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Why Euro Is So Strong?

Tomasz Wiśniewski

A lot of people are wondering why the Euro is surging in the past few weeks. Coronavirus is spreading heavily across the Old Continent and nobody really have a strong plan how to stop it. What is more, many of the leading European companies will be heavy hit by the situation in China, where for example the demand for the new cars absolutely collapsed. And what is Euro doing here? Climbing to the highest levels since July.

Sometimes movements on the market does not really have an explanation. It is foolish to assume that every market movement needs to have a reason. Sometimes it is a combination of various factors. In the media, the recent strength of the EURUSD is contributed to the few factors.

First one, it is a weakness of the USD itself. FED cut rates and traders are expecting that it will cut those rates even further in the nearest future. On the other hand, ECB is doing nothing, saying that the stimulus to fight the virus should be fiscal, not a monetary one.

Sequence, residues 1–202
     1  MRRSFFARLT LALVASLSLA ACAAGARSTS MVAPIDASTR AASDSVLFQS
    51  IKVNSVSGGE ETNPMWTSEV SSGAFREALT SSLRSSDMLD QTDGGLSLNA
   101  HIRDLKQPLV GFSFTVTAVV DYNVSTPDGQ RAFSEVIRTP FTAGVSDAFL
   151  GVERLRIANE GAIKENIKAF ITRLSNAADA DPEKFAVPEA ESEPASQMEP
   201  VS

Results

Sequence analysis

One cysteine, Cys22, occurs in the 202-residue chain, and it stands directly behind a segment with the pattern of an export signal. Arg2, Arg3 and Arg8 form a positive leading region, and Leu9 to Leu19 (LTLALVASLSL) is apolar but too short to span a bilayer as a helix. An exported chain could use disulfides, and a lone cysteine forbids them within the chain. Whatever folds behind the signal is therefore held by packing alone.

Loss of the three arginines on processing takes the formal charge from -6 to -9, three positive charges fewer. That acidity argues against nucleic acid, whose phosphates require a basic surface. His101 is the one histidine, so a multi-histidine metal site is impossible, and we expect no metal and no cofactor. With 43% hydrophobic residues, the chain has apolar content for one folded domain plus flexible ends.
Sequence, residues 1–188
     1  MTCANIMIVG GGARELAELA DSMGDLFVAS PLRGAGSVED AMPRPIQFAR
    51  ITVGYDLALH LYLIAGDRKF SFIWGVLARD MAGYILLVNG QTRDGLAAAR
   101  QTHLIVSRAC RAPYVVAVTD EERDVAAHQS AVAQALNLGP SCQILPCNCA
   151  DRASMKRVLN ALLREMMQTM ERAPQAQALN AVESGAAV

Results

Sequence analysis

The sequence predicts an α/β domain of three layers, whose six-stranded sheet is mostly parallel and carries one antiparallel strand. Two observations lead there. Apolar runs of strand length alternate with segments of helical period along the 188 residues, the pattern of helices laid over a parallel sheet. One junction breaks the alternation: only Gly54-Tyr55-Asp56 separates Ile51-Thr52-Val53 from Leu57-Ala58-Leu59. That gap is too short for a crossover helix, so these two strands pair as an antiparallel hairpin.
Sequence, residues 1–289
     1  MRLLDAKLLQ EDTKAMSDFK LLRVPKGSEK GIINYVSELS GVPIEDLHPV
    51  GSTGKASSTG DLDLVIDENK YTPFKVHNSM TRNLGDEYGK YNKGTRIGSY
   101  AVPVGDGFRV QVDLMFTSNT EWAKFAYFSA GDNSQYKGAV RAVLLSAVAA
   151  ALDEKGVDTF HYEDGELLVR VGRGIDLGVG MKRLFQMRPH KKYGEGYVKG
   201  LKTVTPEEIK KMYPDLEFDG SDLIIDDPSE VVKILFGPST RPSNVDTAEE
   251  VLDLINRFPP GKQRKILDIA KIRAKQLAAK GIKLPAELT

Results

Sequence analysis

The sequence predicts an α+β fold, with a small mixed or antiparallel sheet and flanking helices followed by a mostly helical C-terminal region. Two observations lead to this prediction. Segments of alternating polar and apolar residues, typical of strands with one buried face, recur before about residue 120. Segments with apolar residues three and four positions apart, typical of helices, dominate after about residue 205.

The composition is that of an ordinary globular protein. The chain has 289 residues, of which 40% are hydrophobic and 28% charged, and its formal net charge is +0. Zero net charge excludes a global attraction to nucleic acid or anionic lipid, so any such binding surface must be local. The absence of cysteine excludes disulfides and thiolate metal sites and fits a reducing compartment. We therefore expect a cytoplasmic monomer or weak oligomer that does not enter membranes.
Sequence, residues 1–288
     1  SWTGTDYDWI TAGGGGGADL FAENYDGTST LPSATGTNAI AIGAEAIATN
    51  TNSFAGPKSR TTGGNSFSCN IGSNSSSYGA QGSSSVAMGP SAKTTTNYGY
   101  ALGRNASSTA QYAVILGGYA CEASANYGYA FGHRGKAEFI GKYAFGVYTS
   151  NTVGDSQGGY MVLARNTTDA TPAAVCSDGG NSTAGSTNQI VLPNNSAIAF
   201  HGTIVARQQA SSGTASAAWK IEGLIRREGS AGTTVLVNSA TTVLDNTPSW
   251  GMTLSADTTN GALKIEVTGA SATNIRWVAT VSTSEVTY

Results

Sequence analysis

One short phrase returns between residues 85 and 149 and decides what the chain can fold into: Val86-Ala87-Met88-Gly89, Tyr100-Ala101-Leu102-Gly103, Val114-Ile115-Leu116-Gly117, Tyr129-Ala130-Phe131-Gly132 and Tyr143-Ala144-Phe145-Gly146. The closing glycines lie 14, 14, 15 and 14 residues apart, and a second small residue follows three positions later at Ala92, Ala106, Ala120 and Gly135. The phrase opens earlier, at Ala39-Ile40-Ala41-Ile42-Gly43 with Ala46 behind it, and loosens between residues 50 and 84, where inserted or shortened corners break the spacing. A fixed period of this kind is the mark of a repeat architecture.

What is more, some traders are saying that it comes from the fact that investors from Wall Street are taking profits, selling stocks and in the same time, planning to move part of their capital outside of the US.

In addition to this, some experts say that rising Euro has to do with the reverse of the carry trades. During happy times, traders often engage in the carry trades, so buying currencies with higher rates (usually EM currencies) and selling those with lower rates (Euro in this case). Now, in times of uncertainty, traders want their money back and they are simply closing those trades, so in consequence, buying back the Euro. Good example of this can be seen on the Euro with Mexican Peso.

Furthermore, I would add a technical reason here. This week, EURUSD managed to break two major, long-term down trendlines, which definitely triggered some pending orders, accelerating the original movement.

On the other hand, Euro did not become a safe haven asset overnight. Some part of the movement can be contributed to the escape towards liquidity but Euro did not replace the Swiss Franc or Yen. At least for now and this can be clearly seen on the EURJPY and EURCHF charts, which are still close to the long-term lows.

This article was originally posted on FX Empire

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